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How Steven Spielberg was able to convery the true horror of WWII in "Saving Private Ryan"

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Introduction

Saving Private Ryan - Essay India Rose 10X1 "The last thing I wanted to do in this picture was to use the war as a springboard for action-adventure. I was looking for realism the whole time" said Steven Spielberg, the director of the film "Saving Private Ryan" Spielberg's foremost aim was to bring a realism to the film and really convey the true horrors of World War II. He used many different kinds of methods including the varied camera work, the sound used and all the background research into D-day to try and give the audience a true insight into what exactly the initial 24 minute battle sequence was depicting. Spielberg had to consider the way in which he was going to bring the knowledge he had gained from researching the battle of Omaha Beach onto the screen. One of our main focuses for study was looking into the different camera work. The first scene we are shown screen is the one in which Private Ryan, now an elderly man, is visiting the World War II memorial in Normandy, France. The very first shot is of the American flag. As the military music begins to fade out we start hearing the wind and the flag flapping around. We hear all this before any action takes place on screen. I think this was supposed to give this particular scene a certain patriotic feel before it had even begun. The first action of the opening sequence begins with the camera focusing on Ryan's feet and legs and working its way up his body as we are shown him slowly leading his family up to the cemetery. As the scene progresses, the camera work and techniques change. Where as before, the camera's main focus was on James Ryan himself, when he and his family arrive at the graveyard, an extreme long shot is used to scan the view though the eyes of the on-lookers and many different angles are shown of the graves. ...read more.

Middle

It reduces them to almost nothing and for a man to be crying and screaming like that you are made to feel great empathy for him. We see men with bloody stumps carrying lost limbs and this sequence includes many moments when I found it difficult to watch. We notice that there is no music playing at this precise point and there no music played whatsoever until the very end of the entire battle sequence. I believe this was to make the war seem as real as it possibly could, music would make it seem far too film-like and again, it may detract from what our attention should be focused on. It would make the scene even more dramatic but would take away the sense of realism that we know Spielberg wanted to expose the audience to. There is also hardly any distinctive dialogue. We hear desperate cries from the suffering men and the orders being shouted from those left in command, trying to regain control. Throughout this whole period, you hear the extreme gunfire and sounds of ammunition. The extreme attention to detail was unreal and this gritty reality of the detail helped the film convey the distress of the soldiers in combat. Not solely because of the bloody battle and the gore you are shown but because of the overall sadness of remembering that what you are watching is not made up, what is being shown in this film really did happen in June 1944. All the events are real, the gunfire is real and the emotions the actors have been told to illustrate are real. Although, I believe this was the point, this is exactly how Spielberg wanted people to feel as they watched. In the next succession of camera shots, the camera is focused on one of the main characters, Captain Miller. In this part of the opening sequence, he stumbles out of the blood ridden sea and falls to the ground. ...read more.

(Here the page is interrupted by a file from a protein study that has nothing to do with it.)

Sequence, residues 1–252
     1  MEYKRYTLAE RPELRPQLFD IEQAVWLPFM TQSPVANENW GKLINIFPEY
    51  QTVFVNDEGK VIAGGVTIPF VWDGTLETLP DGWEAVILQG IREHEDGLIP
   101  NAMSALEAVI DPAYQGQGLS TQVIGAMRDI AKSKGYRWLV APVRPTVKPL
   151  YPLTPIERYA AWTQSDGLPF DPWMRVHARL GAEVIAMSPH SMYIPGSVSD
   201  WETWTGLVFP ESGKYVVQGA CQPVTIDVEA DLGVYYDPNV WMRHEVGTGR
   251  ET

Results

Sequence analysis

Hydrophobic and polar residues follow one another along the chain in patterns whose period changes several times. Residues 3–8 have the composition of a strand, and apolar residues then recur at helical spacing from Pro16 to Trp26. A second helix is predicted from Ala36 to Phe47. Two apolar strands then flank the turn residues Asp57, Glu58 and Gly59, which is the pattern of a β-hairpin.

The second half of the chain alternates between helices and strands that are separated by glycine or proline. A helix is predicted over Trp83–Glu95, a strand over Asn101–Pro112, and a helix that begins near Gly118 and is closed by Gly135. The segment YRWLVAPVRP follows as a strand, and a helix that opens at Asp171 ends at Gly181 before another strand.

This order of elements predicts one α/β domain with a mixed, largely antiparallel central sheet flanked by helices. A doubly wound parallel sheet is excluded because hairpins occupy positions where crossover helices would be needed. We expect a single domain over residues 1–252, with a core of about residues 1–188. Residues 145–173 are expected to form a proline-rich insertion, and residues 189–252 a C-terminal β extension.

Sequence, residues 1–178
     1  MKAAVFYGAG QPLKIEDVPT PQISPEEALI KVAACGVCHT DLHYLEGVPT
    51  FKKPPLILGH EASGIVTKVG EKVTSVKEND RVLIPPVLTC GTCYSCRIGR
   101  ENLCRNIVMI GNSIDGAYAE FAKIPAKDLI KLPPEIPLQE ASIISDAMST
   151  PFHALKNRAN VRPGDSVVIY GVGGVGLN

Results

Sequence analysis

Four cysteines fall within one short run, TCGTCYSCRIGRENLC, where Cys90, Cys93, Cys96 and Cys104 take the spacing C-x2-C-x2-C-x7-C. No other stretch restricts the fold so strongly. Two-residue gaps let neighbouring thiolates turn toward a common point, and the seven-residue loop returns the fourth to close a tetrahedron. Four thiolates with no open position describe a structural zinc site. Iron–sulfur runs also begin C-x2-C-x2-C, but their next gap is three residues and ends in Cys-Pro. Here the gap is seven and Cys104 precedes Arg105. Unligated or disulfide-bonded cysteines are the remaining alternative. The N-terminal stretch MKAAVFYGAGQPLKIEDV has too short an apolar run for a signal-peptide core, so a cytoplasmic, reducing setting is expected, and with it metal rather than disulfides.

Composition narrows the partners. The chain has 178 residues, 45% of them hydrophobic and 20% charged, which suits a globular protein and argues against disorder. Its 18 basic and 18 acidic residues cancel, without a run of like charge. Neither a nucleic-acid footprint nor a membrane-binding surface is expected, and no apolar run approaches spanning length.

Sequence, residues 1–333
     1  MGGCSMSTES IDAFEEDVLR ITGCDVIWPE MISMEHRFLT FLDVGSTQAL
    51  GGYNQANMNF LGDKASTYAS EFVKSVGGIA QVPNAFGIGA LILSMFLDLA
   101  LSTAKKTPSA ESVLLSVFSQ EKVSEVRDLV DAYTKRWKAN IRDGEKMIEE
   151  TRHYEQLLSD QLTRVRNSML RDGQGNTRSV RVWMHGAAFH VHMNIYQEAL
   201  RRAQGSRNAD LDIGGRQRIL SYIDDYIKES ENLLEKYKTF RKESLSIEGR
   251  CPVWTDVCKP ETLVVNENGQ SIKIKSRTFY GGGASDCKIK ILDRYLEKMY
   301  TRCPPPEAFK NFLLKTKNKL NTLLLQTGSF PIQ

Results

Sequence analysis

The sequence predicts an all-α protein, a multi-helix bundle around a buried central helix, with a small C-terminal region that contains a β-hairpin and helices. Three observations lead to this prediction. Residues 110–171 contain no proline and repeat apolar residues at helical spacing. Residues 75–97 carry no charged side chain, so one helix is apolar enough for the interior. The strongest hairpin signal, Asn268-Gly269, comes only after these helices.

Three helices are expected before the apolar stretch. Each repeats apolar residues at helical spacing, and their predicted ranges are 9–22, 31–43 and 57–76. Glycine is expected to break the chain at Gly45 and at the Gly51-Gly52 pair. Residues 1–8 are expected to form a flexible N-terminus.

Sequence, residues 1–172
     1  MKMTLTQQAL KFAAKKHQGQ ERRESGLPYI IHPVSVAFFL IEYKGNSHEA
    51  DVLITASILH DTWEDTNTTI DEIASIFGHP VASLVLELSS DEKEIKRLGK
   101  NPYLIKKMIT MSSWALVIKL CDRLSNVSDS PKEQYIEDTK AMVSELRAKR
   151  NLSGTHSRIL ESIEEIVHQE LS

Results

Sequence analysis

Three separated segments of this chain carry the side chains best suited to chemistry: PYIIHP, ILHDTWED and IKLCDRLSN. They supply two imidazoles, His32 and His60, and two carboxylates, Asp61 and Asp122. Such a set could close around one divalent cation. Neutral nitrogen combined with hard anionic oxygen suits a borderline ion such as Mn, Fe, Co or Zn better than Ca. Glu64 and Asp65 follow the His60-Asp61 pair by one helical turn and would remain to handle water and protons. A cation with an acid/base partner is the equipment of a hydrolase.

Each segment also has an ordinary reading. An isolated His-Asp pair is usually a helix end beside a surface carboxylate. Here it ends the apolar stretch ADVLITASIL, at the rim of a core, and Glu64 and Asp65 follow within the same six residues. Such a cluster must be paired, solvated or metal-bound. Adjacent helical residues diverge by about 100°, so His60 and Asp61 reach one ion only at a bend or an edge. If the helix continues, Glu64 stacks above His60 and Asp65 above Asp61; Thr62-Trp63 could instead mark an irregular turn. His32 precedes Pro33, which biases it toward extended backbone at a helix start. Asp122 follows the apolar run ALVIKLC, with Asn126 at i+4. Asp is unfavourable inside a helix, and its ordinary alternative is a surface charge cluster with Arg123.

Conclusion

This was a technique cleverly put in by Spielberg to continue what he has been doing from the very start of the film and that is to keep us guessing. We are rarely told anything straight away. The final shot, that fades slowly out to the music, is the shot in which, Private Ryan is left, lying dead on the beach. My personal view on Steven Spielberg's initial aim to convey the realism and true horrors of war is that he did a truly incredible job. The extreme attention to detail that went into the making of this film and the overall sheer hard work is quite staggering. Spielberg received an amazing amount of credit when the film was released in 1998 and won five Oscars for best director, cinematography, film editing, sound effects editing, sound and eleven nominations for best picture, lead actor (Tom Hanks), original screenplay, score, art/set direction, makeup. It was voted the "best battle scene of all time" by Empire magazine and was ranked number one on TV guide's list of the "50 Greatest Movie Moments." 'Saving Private Ryan' was not only the highest top-grossing motion picture of 1998 but has been said to be "an unforgettable film achievement that has had a profound and lasting impact throughout the world." The D-DAY invasion in the first scene is the most realistic recreation ever filmed and has been praised by veterans all over the world. Historian, Steven Ambrose stated, "I have never seen anything remotely close to this for realism." As we found out very early on in our study, Spielberg did just about anything to make this film as believable as it could possibly be. This involved using, the entire Irish army reserve, 1500 extras, 40 barrels of fake blood and real amputees. This proves his sheer dedication to this film. He said that he, "tried to approximate what combat is really like" and it goes to show that his hard work all paid off and he succeeded in making one of the greatest and most shockingly realistic war films of our time. ?? ?? ?? ?? ...read more.

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